In South America, flowering plants from the genus Heliconia are commonly known as lobster’s claw or toucan’s beak. In other parts of the world, they are better known as false bird-of-paradise, because of their resemblance to bird-of-paradise flowers from the genus Strelitzia.
Of the almost two hundred species of Heliconia estimated by some scientists to exist, most are native to the Americas and are found in the continent’s tropical forests, while just six known species are native to islands of the western Pacific region.
Across their different species, plants of the Heliconia genus can range in size from around half a meter (20 inches) to 4.5 meters (15 feet) in height, and their leaves can grow to between 15 centimeters (6 inches) and 3 meters (6 feet) in length. The flowers of plants from the Heliconia genus, which in strictly biological terms are actually modified leaves, or bracts, grow in many-branched groups, known to botanists as panicles.
The name of the genus Heliconia is derived from the Greek, recalling Mount Helicon, in central Greece, which according to ancient mythology was the home of the Muses, the goddesses who in western culture personify the arts and sciences. This name also acknowledges the Heliconia genus’s similarities to the genus Musa, which includes plantains and bananas and is composed of around seventy species.
One of the most striking plants which visitors to Tambopata National Reserve are likely to see during their exploration of rainforest trails is Heliconia rostrata, better known to local people by its perfectly apt common name “pico de loro” (“parrot’s beak”), and notable for its unusual downward facing flowers.
In form, the inflorescences of this beautiful plant certainly resemble the beaks of the parrots seen frequently in this part of the Amazon basin. And at the same time their bright colors, dominated by a livid red main body ending in a primary yellow and greenish tip, recall the brilliant plumage of birds such as the scarlet macaw.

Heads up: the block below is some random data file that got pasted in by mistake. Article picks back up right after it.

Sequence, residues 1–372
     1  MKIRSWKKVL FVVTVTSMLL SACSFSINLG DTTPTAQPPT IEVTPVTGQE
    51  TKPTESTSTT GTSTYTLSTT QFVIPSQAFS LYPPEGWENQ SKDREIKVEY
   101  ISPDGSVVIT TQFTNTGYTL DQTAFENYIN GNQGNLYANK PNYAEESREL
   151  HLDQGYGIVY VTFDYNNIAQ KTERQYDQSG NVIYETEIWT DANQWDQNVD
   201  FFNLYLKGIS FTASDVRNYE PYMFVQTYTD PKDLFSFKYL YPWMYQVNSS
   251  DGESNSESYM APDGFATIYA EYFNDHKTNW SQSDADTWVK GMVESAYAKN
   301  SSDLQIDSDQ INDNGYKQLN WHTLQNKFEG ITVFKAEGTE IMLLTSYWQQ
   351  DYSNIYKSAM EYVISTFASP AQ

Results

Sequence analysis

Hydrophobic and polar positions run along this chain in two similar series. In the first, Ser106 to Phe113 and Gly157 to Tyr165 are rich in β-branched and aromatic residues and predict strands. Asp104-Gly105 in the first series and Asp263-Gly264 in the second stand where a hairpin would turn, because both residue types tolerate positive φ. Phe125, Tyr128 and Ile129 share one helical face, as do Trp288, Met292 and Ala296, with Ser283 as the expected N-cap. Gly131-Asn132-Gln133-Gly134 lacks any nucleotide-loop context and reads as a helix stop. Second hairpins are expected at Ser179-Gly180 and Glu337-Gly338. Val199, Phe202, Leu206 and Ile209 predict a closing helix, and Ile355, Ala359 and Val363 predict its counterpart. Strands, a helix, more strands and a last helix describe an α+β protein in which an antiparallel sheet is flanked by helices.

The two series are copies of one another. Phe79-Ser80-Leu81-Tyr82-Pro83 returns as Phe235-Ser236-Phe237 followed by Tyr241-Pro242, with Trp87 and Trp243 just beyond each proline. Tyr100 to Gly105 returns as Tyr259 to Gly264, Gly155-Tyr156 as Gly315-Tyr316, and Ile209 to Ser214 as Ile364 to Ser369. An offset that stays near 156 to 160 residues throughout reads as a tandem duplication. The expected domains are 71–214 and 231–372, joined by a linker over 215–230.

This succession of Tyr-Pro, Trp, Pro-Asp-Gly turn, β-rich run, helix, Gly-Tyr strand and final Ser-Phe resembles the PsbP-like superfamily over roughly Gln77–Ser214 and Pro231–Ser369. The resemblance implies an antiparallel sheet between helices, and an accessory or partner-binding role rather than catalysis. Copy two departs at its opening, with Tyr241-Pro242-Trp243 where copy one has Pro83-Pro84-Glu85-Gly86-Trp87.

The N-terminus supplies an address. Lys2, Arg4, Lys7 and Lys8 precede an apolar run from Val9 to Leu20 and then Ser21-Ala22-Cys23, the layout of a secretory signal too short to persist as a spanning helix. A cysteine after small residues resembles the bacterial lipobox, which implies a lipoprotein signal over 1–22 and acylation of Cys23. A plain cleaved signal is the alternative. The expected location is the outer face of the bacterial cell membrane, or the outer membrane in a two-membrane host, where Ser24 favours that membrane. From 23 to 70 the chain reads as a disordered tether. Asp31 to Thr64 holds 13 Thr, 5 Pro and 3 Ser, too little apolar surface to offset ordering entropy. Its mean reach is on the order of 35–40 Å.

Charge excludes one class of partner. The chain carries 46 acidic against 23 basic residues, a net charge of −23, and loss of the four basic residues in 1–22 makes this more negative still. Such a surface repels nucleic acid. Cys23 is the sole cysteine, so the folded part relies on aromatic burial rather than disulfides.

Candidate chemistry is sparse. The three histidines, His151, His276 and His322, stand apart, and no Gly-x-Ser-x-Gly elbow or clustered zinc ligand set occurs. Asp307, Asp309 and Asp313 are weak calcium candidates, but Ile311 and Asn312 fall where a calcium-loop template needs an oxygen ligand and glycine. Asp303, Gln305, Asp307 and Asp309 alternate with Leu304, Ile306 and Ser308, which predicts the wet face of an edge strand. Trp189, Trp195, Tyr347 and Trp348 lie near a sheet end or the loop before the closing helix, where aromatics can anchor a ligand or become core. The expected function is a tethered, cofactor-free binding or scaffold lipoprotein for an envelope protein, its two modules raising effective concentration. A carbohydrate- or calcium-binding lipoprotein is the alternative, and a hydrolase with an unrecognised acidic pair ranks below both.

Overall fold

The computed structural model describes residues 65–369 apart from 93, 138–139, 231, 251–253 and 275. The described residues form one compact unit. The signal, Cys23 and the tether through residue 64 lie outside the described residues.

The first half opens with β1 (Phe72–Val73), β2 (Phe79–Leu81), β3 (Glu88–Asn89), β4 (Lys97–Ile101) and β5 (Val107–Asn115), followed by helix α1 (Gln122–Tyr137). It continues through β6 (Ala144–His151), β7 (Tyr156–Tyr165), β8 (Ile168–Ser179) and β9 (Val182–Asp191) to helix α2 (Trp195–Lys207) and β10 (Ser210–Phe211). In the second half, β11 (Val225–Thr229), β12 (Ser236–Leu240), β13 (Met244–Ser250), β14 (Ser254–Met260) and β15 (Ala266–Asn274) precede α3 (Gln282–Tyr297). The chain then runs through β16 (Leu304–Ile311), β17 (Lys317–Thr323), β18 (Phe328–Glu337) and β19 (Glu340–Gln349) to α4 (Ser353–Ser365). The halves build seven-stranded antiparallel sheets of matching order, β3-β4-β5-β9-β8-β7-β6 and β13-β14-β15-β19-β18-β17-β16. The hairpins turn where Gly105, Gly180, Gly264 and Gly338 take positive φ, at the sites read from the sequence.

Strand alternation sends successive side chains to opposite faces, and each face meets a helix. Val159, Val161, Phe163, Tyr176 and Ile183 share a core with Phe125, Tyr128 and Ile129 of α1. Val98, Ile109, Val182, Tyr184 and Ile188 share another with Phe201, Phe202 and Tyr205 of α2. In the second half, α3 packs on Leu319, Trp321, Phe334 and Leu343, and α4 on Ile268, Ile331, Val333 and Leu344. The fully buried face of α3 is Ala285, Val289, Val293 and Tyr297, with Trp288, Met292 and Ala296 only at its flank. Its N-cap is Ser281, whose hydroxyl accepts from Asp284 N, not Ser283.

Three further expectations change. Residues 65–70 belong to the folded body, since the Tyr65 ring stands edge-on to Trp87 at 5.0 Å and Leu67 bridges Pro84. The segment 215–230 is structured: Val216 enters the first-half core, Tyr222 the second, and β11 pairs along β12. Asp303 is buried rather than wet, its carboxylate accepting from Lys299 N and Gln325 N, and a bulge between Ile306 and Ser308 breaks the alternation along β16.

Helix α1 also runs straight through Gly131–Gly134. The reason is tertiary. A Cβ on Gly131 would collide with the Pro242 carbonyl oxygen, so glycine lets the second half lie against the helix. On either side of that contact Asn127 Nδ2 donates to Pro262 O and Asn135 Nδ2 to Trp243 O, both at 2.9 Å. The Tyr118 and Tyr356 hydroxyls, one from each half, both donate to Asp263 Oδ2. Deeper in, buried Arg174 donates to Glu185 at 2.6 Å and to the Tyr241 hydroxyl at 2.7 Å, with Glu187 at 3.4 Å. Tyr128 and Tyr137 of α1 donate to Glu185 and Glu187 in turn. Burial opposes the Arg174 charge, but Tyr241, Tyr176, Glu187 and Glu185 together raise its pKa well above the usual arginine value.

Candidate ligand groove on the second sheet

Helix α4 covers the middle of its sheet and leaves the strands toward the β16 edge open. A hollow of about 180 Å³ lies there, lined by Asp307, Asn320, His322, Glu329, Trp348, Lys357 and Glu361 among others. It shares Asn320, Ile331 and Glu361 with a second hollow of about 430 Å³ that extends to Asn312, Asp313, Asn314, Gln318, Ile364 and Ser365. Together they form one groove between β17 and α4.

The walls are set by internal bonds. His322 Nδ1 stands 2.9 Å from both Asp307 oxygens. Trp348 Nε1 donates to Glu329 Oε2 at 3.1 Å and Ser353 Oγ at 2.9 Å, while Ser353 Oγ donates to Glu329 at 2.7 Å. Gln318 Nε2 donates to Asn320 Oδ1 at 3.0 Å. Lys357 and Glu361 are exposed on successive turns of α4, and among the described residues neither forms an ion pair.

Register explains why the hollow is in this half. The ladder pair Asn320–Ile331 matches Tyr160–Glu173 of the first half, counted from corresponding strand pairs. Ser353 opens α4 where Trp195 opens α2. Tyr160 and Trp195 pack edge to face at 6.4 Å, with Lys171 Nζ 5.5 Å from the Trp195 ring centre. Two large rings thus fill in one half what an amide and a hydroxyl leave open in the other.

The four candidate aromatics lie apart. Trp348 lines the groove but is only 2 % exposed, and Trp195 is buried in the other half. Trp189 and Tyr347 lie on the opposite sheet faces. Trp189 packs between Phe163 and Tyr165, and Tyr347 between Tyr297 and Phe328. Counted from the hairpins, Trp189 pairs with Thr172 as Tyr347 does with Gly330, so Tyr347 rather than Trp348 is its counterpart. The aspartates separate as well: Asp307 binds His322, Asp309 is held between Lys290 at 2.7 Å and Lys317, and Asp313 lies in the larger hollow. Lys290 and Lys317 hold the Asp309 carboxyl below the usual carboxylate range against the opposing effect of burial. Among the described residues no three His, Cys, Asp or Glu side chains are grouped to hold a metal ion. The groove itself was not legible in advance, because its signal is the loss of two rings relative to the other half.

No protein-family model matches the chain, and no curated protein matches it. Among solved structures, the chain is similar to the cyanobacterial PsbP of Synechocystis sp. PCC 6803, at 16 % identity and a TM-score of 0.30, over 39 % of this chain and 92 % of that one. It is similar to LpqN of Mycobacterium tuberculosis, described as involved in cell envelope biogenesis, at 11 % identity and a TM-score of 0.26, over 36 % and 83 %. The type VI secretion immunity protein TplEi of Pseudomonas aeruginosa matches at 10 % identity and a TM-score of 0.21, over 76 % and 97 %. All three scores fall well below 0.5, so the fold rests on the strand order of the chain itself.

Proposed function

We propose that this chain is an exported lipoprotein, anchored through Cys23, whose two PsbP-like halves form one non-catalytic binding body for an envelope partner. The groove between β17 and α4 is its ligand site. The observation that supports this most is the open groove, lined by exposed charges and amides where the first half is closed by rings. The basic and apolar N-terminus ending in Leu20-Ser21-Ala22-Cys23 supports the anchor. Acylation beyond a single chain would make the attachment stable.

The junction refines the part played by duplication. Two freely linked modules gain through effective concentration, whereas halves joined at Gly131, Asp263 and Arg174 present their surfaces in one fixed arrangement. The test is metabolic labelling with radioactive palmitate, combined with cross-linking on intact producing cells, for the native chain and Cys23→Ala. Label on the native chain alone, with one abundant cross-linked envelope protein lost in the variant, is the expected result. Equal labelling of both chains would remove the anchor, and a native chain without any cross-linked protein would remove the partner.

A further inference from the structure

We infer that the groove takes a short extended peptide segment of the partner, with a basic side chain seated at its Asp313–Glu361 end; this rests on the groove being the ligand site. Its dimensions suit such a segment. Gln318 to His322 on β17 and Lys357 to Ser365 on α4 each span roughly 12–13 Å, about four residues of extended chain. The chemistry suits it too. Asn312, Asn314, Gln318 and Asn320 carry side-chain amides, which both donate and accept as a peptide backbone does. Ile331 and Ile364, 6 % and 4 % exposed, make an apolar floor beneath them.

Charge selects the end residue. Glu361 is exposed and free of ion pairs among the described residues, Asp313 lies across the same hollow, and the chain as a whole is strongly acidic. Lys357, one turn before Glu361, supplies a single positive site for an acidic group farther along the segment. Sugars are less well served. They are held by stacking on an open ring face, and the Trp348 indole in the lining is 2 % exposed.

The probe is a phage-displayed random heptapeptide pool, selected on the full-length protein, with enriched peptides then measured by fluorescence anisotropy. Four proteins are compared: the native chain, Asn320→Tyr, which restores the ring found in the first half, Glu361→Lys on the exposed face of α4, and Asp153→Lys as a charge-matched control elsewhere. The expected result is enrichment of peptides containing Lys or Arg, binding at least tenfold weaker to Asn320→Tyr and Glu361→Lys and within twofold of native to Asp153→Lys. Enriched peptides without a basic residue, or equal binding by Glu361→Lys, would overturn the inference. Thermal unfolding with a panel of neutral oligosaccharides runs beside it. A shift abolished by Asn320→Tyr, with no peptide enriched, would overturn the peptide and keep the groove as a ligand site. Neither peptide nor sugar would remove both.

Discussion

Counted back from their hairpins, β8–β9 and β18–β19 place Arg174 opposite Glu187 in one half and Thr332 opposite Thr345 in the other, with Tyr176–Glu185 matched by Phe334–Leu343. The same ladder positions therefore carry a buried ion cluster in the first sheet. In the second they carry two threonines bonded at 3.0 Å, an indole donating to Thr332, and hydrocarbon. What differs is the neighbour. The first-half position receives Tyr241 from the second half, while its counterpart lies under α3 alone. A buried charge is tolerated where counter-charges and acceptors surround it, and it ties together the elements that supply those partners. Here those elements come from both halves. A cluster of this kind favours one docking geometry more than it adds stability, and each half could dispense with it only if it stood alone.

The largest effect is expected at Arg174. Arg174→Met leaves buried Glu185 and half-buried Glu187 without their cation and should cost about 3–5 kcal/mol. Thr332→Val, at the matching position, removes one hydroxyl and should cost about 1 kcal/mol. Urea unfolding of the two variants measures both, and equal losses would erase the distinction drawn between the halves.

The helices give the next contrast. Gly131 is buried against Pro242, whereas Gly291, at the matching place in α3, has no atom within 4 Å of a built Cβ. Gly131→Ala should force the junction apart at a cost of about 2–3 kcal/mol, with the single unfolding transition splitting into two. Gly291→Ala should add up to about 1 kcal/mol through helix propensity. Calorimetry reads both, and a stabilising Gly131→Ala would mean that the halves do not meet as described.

The floral shape of certain members of the Heliconia genus, including Heliconia rostrata, means that pollination can only be achieved by attracting hummingbirds. To this end, Heliconia flowers produce considerable quantities of nectar, the high energy food so essential to hummingbirds, which need to consume up to three times their bodyweight in a single day, just to be able to continue patrolling the individual territories across which they forage. Butterflies are also known to feed on the sweet nectar produced by Heliconia.
Across the rainforests of the Amazon basin, in what would seem to be a strategy designed to enable them to compete for pollinators, different species of Heliconia flower at different times of the year.
In addition to hummingbirds, other tropical forest bird species also play a crucial part in the life cycle of Heliconia, by eating their ripe fruits and dispersing the seeds from which a new generation of plants will grow. Certain species of mammal also feed on Heliconia fruits and contribute in this way to seed dispersion.
Unsurprisingly, given their great beauty, many species of Heliconia are cultivated as ornamental plants. In Puerto Maldonado, a growers’ association dominated by women has achieved success in the cultivation of Heliconia and other flowering rainforest plants, employing sustainable methods to benefit the lives of local people.